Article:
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No, it's a gmail-specific "feature". Other mail services may also implement it, I guess.





Yeah, seems there is enough other services that a RFC (under "Subaddress Extension") has been proposed https://tools.ietf.org/html/rfc5233 Maybe it'll get enough steam.

Edit: doesn't mean everyone will use it though! But guess the plus sign in addresses would be more "email" than just email.


It’s nice that they’re trying to standardize it but it’s an impossible standard since you can’t assume that any particular domain adheres to to it so you end up with a whitelist either way.

I guess you're seeing it from the service owners point of view, and in that case it doesn't really matter no? AFAIK, it's for the owners of the email to use the subaddressing, not for others to magically come up and use subaddressing.

So as long as you, the user and owner of an address, know that your domain supports/not supports it, you can use it.

I don't understand who would have to add any allow/blocklists?


It is supported by most mail servers, I guess, and at some time nerds all over the world were heavily promoting this scheme.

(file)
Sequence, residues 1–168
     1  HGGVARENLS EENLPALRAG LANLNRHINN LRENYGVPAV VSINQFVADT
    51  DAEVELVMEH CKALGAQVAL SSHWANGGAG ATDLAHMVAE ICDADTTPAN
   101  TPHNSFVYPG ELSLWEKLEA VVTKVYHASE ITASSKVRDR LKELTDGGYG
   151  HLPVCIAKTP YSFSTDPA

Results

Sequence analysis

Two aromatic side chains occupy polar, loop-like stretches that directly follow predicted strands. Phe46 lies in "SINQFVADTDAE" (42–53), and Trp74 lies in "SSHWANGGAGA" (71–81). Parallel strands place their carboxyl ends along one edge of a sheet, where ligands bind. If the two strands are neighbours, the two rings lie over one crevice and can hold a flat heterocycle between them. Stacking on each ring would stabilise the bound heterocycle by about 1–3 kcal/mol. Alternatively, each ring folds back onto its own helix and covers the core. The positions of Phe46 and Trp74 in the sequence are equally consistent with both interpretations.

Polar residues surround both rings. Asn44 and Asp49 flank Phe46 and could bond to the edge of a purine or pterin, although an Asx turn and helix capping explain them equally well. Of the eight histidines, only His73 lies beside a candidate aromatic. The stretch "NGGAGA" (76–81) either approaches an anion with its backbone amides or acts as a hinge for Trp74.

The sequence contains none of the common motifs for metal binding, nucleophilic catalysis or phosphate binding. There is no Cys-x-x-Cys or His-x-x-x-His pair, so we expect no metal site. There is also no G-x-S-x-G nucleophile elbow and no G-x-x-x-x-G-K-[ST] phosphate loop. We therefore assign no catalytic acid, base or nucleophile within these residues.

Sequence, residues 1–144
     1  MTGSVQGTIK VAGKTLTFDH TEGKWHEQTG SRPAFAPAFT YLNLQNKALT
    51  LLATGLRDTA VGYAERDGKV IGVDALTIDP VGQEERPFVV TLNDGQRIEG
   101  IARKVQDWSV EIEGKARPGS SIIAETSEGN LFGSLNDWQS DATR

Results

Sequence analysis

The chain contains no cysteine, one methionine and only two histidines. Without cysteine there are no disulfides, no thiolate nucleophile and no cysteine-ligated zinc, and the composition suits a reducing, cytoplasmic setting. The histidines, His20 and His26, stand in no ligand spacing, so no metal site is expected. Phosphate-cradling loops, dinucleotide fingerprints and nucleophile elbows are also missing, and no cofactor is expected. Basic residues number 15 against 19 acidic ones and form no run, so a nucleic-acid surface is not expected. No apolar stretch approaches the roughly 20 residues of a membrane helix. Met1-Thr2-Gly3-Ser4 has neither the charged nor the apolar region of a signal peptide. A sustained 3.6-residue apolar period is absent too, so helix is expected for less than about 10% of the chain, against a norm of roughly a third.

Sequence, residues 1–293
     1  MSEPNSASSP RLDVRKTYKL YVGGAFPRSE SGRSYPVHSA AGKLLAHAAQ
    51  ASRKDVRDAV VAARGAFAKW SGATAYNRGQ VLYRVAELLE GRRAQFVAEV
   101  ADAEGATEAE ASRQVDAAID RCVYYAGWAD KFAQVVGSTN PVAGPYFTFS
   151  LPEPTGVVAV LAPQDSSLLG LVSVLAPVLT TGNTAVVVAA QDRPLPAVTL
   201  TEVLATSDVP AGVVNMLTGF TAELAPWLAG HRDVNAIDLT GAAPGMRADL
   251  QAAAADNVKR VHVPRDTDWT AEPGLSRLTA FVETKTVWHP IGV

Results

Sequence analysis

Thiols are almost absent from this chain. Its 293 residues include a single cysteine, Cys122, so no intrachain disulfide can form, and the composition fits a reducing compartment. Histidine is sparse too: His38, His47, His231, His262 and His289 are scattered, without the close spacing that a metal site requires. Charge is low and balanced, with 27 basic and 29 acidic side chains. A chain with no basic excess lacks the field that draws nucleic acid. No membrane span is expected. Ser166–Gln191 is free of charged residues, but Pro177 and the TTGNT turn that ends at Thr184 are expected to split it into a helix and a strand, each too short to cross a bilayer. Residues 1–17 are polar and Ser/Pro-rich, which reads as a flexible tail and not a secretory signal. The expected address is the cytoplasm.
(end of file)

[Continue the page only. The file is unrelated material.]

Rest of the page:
I know someone who constantly complained that web site X or company Y are stupid, because they don't follow the RFCs, don't know the syntax of mail addresses, because mail validation in web forms often rejected anything with a plus sign.

The correct answer would have been "don't do it then" or maybe "how about configuring your Exim so that instead of '+' you're using '-' as a separator, but I suppose the complaining was a big part of the fun.


Companies don't follow RFCs, as a rule, bc the only mechanism or means of doing so is if the engineering team implementing the product is aware of the relevant RFCs, and can make a case for following them to the product team. (I.M.Exp.)

There's also a generational memory issue here, and I'm not aware of any C.S./C.E. programs that cover RFCs as part of the core curriculum.


I was using this well before gmail even existed; support is not universal, but it's certainly not a "gmail feature".

https://tools.ietf.org/html/rfc822

(viz. not a gmail-specific feature)


I didn't see where the + had any special significance in RFC822 beyond being part of an atom. foo+a and foo+b could be two different recipients if the server desired.

fair enough



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